When reading the title, I thought the article would be about bows, but here about bows only this quote. Although it’s interesting to write about the battle, the development of armor can be traced.

    sub307 Today, 06:38 PM New
    Thanks to the author, a wonderful historical sketch ....
    That's just that, thanks. Here I agree with you.
  3. parusnik
    parusnik 24 September 2016 08: 19
    King Jean made two mistakes at the Battle of Poitiers. First, he ordered his cavalry to attack the English infantry, which was standing in a narrow ravine, and when this attack was repelled and the British rushed to the plain, he ordered his horsemen to dismount. Because of these unsuccessful orders, the French were defeated at Poitiers. Seeing Jean's blunders, Lord Chandos said to the Black Prince: "Go ahead, victory will be on your side. Head straight to where your opponent, the French king, is, and the question of who will be the winner will be settled. This king, as everyone knows, is so brave. that will not flee. " This is how it actually happened. England, like France, needed rest, so after the Battle of Poitiers in the Hundred Years War, a truce was concluded for two years.
    1. Retvizan
      Retvizan 24 September 2016 15: 36
      If we turn to a brief chronology of the beginning of the Hundred Years War (a very interesting war, by the way), then the list of events will be
      1348-Plague epidemic so-called. "Black Death"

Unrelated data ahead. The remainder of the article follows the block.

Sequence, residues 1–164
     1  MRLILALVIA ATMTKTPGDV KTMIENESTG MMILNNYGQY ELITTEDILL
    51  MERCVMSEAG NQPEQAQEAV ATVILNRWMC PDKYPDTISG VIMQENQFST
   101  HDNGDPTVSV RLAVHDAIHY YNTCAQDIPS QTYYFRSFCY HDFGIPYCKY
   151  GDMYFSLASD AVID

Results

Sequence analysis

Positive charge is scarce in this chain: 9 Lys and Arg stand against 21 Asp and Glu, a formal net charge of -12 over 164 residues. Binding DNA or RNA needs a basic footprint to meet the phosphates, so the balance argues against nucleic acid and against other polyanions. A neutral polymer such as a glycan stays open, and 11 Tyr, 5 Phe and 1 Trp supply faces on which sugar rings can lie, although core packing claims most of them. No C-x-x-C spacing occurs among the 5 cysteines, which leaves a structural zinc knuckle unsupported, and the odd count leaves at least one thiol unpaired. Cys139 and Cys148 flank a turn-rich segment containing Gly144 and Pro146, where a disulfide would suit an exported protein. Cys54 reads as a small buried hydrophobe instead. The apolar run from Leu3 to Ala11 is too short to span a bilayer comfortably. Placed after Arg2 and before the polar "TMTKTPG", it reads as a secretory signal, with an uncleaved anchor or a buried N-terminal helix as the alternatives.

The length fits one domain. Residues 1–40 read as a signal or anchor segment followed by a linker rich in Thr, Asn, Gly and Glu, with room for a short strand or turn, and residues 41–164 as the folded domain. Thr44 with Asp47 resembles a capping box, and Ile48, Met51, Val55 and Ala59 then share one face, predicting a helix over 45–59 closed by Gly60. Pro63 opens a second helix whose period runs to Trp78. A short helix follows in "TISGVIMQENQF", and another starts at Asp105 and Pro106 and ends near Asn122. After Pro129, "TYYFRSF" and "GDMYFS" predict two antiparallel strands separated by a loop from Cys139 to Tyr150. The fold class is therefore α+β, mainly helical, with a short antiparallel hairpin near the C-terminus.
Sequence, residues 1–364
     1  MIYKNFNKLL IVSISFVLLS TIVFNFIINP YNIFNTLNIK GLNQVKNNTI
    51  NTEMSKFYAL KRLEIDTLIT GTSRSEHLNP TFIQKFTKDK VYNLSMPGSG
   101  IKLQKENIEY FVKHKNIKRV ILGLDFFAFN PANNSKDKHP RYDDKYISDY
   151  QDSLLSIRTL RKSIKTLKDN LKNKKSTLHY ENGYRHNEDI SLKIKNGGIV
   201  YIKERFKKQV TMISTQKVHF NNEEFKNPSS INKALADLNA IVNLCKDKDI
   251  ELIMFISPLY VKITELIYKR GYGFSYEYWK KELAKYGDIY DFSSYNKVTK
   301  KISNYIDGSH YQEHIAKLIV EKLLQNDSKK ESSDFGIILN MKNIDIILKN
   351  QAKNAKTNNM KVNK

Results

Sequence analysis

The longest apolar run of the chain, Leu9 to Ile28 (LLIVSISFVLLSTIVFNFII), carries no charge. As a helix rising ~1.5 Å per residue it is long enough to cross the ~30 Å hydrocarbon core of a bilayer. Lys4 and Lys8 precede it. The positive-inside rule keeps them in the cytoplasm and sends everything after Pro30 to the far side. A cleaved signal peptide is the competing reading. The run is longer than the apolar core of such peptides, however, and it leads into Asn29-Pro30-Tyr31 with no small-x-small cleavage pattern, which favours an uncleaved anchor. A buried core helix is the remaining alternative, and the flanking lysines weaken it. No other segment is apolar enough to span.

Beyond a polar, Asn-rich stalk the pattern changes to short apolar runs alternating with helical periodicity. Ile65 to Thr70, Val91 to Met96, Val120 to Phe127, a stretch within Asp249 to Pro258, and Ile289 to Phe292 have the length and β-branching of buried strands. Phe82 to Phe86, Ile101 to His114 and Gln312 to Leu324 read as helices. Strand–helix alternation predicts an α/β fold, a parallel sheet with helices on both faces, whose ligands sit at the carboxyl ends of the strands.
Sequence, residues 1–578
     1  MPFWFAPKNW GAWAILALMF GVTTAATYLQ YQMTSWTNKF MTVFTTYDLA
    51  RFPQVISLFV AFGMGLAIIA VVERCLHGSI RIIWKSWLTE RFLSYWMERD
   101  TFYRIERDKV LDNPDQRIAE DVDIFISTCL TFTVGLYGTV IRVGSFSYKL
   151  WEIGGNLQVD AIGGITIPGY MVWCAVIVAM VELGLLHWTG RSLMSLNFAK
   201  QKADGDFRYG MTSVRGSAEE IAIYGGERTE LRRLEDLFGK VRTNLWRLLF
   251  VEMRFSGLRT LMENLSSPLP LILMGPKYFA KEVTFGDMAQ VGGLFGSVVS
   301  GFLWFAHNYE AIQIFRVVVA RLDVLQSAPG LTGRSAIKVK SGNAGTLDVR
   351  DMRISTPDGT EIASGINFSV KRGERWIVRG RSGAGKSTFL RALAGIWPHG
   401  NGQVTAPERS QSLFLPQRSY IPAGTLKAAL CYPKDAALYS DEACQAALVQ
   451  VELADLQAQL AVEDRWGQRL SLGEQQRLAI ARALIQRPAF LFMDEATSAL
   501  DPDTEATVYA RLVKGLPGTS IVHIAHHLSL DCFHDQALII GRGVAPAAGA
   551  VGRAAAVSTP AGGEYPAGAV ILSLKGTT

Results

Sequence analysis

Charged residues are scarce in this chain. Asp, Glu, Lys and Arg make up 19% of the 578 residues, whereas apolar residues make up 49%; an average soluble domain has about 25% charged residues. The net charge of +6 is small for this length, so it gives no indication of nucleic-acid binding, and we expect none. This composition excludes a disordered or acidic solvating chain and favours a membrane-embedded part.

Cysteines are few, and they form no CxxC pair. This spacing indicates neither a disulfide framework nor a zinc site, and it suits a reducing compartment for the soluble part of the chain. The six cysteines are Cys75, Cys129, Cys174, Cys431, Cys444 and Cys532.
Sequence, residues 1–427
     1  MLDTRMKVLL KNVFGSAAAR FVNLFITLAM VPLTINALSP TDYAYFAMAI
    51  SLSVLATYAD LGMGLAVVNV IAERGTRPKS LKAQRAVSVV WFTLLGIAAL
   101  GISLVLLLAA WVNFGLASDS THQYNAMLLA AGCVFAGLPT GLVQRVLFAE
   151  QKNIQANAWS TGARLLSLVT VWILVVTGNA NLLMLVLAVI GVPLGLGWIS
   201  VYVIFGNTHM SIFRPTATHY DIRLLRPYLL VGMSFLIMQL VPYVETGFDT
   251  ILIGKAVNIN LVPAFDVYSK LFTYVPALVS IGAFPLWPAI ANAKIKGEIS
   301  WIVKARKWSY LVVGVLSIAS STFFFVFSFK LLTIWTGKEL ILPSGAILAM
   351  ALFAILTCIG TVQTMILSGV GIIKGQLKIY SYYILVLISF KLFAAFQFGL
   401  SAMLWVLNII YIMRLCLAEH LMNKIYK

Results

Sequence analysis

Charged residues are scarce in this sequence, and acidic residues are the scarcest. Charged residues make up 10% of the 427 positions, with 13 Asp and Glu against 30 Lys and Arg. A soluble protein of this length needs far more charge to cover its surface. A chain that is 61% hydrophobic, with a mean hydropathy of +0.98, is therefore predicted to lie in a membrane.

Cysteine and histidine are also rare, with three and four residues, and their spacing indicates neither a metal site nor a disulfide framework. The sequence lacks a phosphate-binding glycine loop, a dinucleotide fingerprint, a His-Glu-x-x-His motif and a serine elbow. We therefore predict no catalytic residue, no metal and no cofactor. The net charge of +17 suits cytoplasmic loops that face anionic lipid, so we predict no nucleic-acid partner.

1349-Battle of Lunalong (summer) Purchase by Karl Valois of Dauphin
      1350-Defeat of the allied France of the Castilian fleet in
      Naval Battle of Vinchelsea ("Le Hispaniol-sur-Mer") (August 29)
      The death of Phillip VI (August 22), coronation of John II the Good (1350-1364)
      1351 "Battle of the Thirty" (March 26).
      Fight at Saint (April 8)
      The Battle of Ardre (June 6)
      The ordinance of John the Good is about forced labor of wage workers and the maximum wage.
      1352-Battle of Moron (Mauron) (August 14)
      1355-The British under the command of Edward the "Black Prince" ravage Aquitaine and reach the Mediterranean Sea.
      1356 English company in Normandy (Duke of Lancaster) (June-July).
      The siege of Breteuil by John II and the company of the British in southern France (Black Prince) (August-September).
      The battle of Poitiers (September 19) and the capture of John II.
      Convocation of the General States. Battle of Kutanten (November 11)
      The beginning of the unsuccessful 9-month siege of Ren (October 2, 1356-1357) by the British. The defense was led by Bertrand DuGuecklen.
      1357-Campaign of Edward III in northern France (1358-1359gg).
      Paris Uprising (1357-1358). "The Great March Ordinance"
      1358-The assassination of Etienne Marcel (June). Jacqueria
      1359-The last major campaign of Edward III in France. The battle of Nogent-sur-Seine (June 23), the Siege of Reims (December), the British.